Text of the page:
The long-awaited proposals seek to increase new nuclear power, offshore wind and hydrogen, with ministers aiming to make 95 per cent of electricity low carbon by 2030.
However, it also includes plans for a new oil and gas licensing round in the autumn to cover the shorter term.
SNP Energy Secretary Michael Matheson said the strategy had “completely failed” to take into account agreements made at the COP26 climate summit.
He previously said the Scottish Government would block any new nuclear power stations north of the border.
However, UK Business Secretary Kwasi Kwarteng made clear there were “no plans to impose nuclear reactors in Scotland”.
Mr Kwarteng told the BBC: “It is a returned affair, that is up to people in Edinburgh to decide what their nuclear policy is.”
The UK Government said the North Sea plans recognize “the importance of these fuels to the transition and to our energy security”.
It said producing gas in the UK has a lower carbon footprint than importing from abroad.
Its strategy insists: “There is no contradiction between our commitment to net zero and our commitment to a strong and evolving North Sea industry. Indeed, one depends on the other.”
Environmental campaigners have previously called for a halt to new oil and gas projects, citing climate targets.
Mr Matheson said: “We are in the midst of a very real and unsettling energy bills crisis which demands bold, urgent and decisive action from the UK Government.
“They hold many of the powers required to support households – both in the short and long term.
“This crisis comes against the backdrop of the climate emergency, which has not gone away. The most recent reports from the Intergovernmental Panel on Climate Change (IPCC) make it very clear that business as usual is simply not an option.
“In this context, it is bitterly disappointing that the UK Government’s energy security strategy fails to adequately address either of these pressing issues.
“We will take time to carefully consider how the strategy affects our own, clear objectives – to deliver a just transition to net zero for our energy sector, and for households, businesses and consumers across Scotland.
“It is illogical that the strategy has been published without any meaningful engagement with the Scottish Government – despite the vital role that Scotland plays in exporting electricity to the rest of the UK.
“The Scottish Government’s position is clear that unlimited extraction of fossil fuels is not consistent with our climate obligations and we have consistently called on the UK Government, to urgently re-assess all approved oil licenses where drilling has not yet commenced against, our climate commitments .
“By refusing to recognize this, whilst demonstrating a failure of leadership to support an acceleration of low carbon heating and home energy efficiency measures, the strategy has completely failed to take into account the agreements made at COP26, advice from its own statutory advisors, and the most recent reports from the IPCC.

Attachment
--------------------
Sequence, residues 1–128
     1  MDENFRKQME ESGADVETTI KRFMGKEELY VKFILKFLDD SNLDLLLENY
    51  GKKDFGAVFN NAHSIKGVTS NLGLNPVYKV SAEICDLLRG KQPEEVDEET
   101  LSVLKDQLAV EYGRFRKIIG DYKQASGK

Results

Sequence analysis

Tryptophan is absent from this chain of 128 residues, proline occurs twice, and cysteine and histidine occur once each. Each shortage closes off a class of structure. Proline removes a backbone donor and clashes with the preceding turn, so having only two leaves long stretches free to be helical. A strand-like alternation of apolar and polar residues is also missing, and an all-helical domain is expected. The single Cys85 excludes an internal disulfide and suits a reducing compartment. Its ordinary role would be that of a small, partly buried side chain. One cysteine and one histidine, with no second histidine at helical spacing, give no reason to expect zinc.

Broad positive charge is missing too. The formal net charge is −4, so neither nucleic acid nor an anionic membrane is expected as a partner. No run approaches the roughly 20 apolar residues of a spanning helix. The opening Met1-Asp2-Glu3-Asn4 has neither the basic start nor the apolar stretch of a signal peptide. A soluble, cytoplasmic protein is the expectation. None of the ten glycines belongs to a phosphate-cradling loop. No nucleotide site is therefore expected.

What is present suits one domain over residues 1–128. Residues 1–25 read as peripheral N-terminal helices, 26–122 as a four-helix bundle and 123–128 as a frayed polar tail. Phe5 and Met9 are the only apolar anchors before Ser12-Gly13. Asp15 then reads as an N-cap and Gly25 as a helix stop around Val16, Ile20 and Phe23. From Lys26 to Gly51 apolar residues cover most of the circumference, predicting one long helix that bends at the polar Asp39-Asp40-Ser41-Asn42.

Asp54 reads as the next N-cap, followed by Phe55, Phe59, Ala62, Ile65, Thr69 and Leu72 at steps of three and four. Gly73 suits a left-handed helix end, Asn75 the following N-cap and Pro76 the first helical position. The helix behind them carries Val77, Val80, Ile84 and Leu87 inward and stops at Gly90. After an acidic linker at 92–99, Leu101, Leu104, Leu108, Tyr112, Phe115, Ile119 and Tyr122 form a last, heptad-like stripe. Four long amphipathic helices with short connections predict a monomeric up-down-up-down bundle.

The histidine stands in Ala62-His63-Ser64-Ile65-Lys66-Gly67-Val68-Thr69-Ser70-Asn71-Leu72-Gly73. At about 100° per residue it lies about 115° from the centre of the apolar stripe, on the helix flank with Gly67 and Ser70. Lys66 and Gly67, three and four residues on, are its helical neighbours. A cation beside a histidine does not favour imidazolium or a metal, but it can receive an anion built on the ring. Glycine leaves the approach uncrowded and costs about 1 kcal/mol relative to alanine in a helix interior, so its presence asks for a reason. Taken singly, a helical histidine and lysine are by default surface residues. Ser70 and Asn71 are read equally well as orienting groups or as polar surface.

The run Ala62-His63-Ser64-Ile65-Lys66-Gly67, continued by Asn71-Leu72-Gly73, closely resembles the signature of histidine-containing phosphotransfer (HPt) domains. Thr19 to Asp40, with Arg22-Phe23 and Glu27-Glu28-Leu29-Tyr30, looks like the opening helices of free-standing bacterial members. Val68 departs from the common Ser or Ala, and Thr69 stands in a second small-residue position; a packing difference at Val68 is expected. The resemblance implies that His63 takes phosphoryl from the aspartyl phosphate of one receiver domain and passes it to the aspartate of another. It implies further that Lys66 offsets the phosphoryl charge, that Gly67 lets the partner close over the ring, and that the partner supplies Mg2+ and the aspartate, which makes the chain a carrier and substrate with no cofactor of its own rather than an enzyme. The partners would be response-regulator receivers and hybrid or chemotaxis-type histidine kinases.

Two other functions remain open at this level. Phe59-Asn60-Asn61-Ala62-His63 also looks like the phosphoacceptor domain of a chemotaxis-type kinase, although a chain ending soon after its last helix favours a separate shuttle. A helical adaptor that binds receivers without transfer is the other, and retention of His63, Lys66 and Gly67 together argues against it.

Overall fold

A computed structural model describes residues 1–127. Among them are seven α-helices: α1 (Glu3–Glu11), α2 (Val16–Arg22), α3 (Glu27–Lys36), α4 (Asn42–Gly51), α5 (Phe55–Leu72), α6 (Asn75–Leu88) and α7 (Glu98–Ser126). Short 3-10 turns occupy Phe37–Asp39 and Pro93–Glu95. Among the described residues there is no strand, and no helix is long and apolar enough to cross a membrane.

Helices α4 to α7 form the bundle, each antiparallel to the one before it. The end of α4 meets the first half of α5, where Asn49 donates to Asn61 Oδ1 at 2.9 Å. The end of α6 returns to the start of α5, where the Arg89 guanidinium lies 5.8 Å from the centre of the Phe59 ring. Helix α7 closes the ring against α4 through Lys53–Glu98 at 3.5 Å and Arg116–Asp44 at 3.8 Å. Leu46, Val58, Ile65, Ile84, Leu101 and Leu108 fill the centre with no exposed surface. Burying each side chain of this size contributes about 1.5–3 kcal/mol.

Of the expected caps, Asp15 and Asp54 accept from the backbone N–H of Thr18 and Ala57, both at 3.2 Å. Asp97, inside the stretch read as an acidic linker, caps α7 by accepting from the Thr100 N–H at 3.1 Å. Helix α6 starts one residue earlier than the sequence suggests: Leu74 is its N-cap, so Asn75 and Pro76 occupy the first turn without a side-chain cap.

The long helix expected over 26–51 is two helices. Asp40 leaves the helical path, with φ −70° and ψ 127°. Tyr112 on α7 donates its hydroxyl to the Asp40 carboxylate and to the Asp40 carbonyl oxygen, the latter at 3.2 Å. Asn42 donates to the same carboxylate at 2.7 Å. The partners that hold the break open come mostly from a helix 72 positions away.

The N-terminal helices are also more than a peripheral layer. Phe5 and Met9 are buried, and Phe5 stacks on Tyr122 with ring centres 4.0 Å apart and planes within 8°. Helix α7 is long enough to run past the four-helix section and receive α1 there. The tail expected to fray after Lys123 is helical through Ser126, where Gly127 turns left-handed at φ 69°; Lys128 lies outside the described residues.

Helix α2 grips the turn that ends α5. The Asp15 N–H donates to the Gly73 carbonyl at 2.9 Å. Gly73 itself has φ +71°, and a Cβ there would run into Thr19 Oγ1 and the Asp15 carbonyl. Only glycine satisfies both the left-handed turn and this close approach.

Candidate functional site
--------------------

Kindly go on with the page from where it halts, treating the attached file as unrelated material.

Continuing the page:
“It is also an approach which will do nothing to improve our energy security in the coming years.”
Mr Matheson said new oil and gas fields “do not present a timely solution, and even once operational, the extracted fossil fuels will still be affected by the same global market forces which have contributed to the current energy price crisis”.
He added: “Similarly, in addition to the cost and environmental concern the commitment to new nuclear power stations, which will take years if not decades to become operational, will provide no additional energy security in the immediate term.
“Russia’s illegal invasion of Ukraine only serves to highlight the importance of accelerating the transition to renewable energy sources and addressing the affordability of energy.”
He said the Scottish Government’s plans include more than doubling the country’s onshore wind capacity and supporting the world’s largest floating offshore wind leasing round.
Mr Matheson also expressed disappointment that the UK Government had failed to “sufficiently back carbon capture and storage in Scotland”.
The UK strategy includes plans for eight nuclear reactors – the equivalent of one a year – to be delivered by the end of this decade.
Scotland currently has only one nuclear power station, the Torness plant in East Lothian, after the Hunterston B site in North Ayrshire closed in January.
Mr Kwarteng said UK ministers believe “the only way you can get decarbonised baseloads – continuous power that is decarbonised – is nuclear”.
He added: “I don’t know what the answer is the Scottish Government has to that question, but we are very clear that nuclear power has to be an important part of a decarbonised energy mix in the future.”
Speaking to the BBC’s Good Morning Scotland programme, Mr Kwarteng said there had been “quite a lot of engagement with Scottish colleagues”.
George Holan is chief editor at Plainsmen Post and has articles published in many notable publications in the last decade.